A journey in SAP Mobility

Jan 2012 – As someone from SAP Technology background, I started investigating how I could find a toe hold in Enterprise Mobility. The story below gives the knowledge points and the thought process behind that.

Alright – you are from SAP Technical (say ABAP) and/or Portal background, may know some Java and/or OOP and want to check out mobile development.

You know starting off in iOS development means owning a Mac at the minimum (if not also an iPhone/iPad/iPod) – since the development environments needs iOS. The easy one is going to be Android.

A mobile app is basically an interface to some logic or process. Games, Note taking, browsing is fine for native apps, but when it comes to using Mobile phones for doing work (like work!), it’s going to mean interfacing with the backend systems of a company. So it would mean that the backend enterprise applications would get opened up to be accessed by these devices. The devices have to managed, secured, etc. is one piece; the relevant piece here is what would be the application architecture that would enable this talking of mobile devices to backend applications.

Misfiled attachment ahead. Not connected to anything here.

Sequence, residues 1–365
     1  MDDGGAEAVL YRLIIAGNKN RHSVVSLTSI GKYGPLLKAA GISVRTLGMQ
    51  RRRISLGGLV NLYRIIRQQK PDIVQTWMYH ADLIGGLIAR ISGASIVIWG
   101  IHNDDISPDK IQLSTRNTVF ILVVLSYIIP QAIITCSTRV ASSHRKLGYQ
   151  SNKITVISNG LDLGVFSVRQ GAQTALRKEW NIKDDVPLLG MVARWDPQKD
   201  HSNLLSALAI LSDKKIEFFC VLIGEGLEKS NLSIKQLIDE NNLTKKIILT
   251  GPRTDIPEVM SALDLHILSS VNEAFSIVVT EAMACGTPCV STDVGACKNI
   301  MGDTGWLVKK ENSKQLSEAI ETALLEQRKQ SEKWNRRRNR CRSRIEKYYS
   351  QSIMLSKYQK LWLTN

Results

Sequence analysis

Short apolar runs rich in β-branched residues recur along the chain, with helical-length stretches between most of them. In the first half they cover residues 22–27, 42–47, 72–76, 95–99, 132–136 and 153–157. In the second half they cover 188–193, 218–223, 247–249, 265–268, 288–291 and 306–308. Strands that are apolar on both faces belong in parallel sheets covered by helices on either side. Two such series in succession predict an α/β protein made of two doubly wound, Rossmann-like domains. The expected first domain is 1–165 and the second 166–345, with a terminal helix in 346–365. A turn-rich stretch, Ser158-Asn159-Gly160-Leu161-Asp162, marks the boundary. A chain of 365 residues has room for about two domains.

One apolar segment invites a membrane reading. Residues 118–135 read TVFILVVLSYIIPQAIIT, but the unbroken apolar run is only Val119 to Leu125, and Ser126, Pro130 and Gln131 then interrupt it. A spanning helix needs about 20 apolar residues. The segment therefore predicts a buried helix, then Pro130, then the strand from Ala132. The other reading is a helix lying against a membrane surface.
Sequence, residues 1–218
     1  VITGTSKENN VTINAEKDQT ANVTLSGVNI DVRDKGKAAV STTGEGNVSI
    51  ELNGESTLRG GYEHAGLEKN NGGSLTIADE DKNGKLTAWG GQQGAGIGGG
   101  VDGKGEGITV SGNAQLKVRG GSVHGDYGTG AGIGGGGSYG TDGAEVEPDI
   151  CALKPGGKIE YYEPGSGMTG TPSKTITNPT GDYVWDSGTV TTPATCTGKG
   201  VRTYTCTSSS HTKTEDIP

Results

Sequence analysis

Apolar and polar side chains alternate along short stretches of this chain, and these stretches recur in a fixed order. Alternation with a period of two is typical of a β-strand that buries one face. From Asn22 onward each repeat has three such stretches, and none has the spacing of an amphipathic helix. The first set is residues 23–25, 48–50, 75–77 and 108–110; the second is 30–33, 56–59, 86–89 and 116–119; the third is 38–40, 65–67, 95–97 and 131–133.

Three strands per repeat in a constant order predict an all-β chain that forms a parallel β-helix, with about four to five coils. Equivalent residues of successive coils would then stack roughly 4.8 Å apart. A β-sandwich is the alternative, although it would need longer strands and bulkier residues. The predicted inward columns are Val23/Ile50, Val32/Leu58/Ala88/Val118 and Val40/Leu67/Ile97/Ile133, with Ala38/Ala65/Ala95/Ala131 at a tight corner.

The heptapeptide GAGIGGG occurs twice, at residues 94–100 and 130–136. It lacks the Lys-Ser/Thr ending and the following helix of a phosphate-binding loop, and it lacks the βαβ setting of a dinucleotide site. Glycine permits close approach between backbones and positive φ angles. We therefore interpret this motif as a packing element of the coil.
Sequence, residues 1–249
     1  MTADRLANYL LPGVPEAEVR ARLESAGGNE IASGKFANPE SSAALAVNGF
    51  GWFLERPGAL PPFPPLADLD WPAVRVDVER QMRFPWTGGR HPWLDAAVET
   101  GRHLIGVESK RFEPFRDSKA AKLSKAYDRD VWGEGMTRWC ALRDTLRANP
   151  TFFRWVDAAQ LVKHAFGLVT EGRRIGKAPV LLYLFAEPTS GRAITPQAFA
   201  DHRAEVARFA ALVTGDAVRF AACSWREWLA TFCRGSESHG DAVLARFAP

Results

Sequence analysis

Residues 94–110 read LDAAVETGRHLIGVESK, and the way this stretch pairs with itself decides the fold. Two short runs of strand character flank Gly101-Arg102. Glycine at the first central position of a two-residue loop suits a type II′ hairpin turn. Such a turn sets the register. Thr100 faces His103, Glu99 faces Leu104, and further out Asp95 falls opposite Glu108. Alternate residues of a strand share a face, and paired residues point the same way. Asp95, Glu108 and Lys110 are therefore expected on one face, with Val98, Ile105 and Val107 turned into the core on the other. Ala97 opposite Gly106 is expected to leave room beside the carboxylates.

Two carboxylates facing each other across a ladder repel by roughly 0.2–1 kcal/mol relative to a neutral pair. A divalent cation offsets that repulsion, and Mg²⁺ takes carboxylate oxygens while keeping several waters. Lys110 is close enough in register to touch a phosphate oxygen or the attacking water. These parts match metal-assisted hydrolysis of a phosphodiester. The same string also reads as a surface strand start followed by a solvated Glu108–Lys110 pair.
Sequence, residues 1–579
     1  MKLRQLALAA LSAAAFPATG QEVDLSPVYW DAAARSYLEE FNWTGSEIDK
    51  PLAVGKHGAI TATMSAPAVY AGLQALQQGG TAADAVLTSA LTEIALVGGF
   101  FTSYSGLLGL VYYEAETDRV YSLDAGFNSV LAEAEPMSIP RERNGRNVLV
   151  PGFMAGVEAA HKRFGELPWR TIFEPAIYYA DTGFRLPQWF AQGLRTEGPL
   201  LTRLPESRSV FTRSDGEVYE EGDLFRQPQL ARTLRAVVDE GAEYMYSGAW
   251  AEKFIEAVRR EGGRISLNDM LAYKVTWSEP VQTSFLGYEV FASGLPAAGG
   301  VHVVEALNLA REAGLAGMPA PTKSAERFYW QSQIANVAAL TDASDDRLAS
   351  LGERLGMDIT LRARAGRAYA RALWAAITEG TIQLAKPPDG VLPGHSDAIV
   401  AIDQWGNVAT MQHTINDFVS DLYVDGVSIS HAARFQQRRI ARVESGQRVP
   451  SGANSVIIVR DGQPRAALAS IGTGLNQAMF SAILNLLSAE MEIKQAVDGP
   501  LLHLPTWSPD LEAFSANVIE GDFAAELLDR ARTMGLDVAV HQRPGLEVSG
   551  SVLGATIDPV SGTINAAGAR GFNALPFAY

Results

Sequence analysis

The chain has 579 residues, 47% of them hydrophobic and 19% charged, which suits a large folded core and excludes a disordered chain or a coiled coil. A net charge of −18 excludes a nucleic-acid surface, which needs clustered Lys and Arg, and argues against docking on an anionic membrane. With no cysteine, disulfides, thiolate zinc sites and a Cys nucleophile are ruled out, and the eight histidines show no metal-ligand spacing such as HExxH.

There are hundreds of kinds of enterprise applications, and each would get exposed in some manner. Of course there are standards propping up to help out at the communications layer. Starting our journey to narrowing down our focus on SAP, well, as of Jan 2012 we surely know that SAP would expose its data through Sybase’s SUP (Sybase Unwired Platform) product, and in turn through the SAP NetWeaver Gateway. Suffice it to know for now that data would come in the form is OData and would be read and interacted upon in a mobile device (OData protocol would let you programmatically act on application datasets using specific http commands like PUT, GET, POST, DELETE). SAP’s almost going away from SUP as a middleware is a separate topic in itself – though note that it would still need some configuration on the SUP side.

Exposing the business data and process logic in the right format would happen in the backend SAP using ABAP BAPIs, BOR, RFCs, Class Handlers, etc. (we have known that for a while using Portal, Web Services using SOAP, etc.); however the idea of using this data and creating a mobile app would ideally come down to learning some mobile frontend development and its integration to backend datasources as well (Its perhaps going to be a golden opportunity for developers and architects working at the cutting edge to understand how the different frontend mobile technologies work, and how to call out data from the backend and make sense out of it for the professional Mobile GUI developer).

So, knowing the basic architecture, I arrived at the following straw man approach to learning more, given that you cannot even have evaluation SUP software from Sybase (by the way Google various terms if you want to know more on them):